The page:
New Rolls-Royce Droptail: coachbuilt V12 roadster unveiled at Monterey Car Week
The Droptail is Rolls-Royce’s latest coachbuilt commission – an open-top two seater limited to just four units
If a standard Rolls-Royce isn’t quite exclusive – or expensive – enough, the British firm’s Coachbuild department caters for the most extravagant customer requests by creating highly bespoke commissions in limited numbers. Coachbuild has already produced the Sweptail and the Boat Tail convertible, and its latest model has now been unveiled at Monterey Car Week: the Droptail.
Built as Rolls-Royce’s first modern-day roadster, the Droptail is clothed in a unique convertible body inspired by the firm’s pre-war two-seaters, underpinned by an aluminium, carbonfibre and steel monocoque developed specifically for the model. Just four will be built, each sharing the same fundamental design but with unique finishes and material choices throughout.
Traditional Rolls-Royce design cues remain, not least the polished Pantheon grille and monolithic silhouette, but the Droptail reinterprets these in a more purposeful two-door bodystyle. The body surfaces are cleaner and more defined than the brand’s series production cars, and while family resemblance to the Ghost and Phantom is clear at the front, the Droptail’s tapered rear end is largely unrecognisable with aero-optimised flying buttresses and a floating spoiler above the rear deck.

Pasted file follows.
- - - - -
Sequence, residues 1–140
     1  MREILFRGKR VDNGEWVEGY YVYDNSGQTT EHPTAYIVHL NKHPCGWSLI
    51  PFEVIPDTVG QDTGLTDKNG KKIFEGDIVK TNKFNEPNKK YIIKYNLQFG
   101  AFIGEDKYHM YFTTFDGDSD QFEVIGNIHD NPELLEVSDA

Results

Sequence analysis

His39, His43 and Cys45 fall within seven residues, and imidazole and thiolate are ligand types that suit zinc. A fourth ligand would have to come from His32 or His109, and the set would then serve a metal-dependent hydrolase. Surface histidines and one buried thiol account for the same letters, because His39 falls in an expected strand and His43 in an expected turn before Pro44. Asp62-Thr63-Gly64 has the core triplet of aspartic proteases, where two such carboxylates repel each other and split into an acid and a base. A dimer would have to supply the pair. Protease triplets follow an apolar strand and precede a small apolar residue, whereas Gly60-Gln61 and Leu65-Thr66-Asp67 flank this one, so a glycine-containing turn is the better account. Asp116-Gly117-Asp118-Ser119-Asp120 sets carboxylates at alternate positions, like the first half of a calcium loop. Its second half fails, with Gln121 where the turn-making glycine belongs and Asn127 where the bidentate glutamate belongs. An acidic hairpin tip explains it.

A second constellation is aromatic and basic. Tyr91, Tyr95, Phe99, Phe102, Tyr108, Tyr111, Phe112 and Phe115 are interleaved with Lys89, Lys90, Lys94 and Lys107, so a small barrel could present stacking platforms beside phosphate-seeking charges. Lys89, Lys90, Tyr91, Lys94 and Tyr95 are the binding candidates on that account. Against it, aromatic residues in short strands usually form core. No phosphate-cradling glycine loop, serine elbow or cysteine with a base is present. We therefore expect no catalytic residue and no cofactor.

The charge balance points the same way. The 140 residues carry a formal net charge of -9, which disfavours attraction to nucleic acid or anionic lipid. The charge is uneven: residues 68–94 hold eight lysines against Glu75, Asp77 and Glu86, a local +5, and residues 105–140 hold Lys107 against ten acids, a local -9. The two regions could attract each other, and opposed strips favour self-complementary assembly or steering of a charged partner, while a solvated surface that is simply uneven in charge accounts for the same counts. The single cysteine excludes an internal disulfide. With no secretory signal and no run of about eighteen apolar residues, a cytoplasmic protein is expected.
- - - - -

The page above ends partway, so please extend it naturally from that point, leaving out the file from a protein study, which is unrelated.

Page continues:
With its carbonfibre hard top roof in place the Droptail resembles a traditional two-door GT, and removing it reveals an intimate two-seat cabin with a largely bespoke dashboard and architecture. The cockpit is covered in leather and sculpted wood surfaces, which curve behind the seats to create a wrap-around effect inside – for a more minimalist look, the infotainment display and controls are shielded by wood panels when not in use.
While certain elements of the Droptail appear to link it to the discontinued Rolls-Royce Dawn (including its analogue dial pack and some cabin switchgear), it’s built on a new structure that incorporates bonded carbon rear sections. The rest of the construction is largely aluminium, with steel used for the front wing and door sections for extra strength.
Rolls-Royce’s familiar 6.75-litre twin-turbocharged V12 lies under the bonnet, which has been tuned for a 30bhp power increase – presumably over the 563bhp application in the latest Ghost. Torque is rated at a mighty 620lb ft, which should endow the Droptail with the effortless feel befitting of a Rolls-Royce.
Given the astronomical costs of developing a unique platform, bodyshell and interior for just four units, we wouldn’t count against the Droptail being one of the most expensive new cars ever built – just as its Coachbuild predecessors were rumoured to be.